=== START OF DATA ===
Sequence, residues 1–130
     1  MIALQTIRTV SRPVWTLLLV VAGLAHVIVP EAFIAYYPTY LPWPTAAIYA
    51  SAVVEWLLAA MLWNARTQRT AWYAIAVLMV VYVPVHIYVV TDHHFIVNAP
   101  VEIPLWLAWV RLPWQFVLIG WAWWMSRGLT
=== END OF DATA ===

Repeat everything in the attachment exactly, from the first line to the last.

Sequence, residues 1–130
     1  MIALQTIRTV SRPVWTLLLV VAGLAHVIVP EAFIAYYPTY LPWPTAAIYA
    51  SAVVEWLLAA MLWNARTQRT AWYAIAVLMV VYVPVHIYVV TDHHFIVNAP
   101  VEIPLWLAWV RLPWQFVLIG WAWWMSRGLT